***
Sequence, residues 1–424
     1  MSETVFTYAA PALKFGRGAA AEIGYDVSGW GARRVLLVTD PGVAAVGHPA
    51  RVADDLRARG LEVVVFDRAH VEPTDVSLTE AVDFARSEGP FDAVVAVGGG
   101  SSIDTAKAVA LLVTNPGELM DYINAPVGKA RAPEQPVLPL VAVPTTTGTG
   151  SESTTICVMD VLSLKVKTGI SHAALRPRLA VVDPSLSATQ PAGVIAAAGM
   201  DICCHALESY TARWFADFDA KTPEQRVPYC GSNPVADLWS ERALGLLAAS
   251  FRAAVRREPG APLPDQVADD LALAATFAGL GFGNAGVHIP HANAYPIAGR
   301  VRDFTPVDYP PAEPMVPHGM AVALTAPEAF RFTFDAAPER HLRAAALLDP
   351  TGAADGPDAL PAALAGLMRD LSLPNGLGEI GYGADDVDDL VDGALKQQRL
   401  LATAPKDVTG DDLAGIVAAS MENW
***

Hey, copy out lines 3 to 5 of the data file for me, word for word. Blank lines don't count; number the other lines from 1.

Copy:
    51  RVADDLRARG LEVVVFDRAH VEPTDVSLTE AVDFARSEGP FDAVVAVGGG
   101  SSIDTAKAVA LLVTNPGELM DYINAPVGKA RAPEQPVLPL VAVPTTTGTG
   151  SESTTICVMD VLSLKVKTGI SHAALRPRLA VVDPSLSATQ PAGVIAAAGM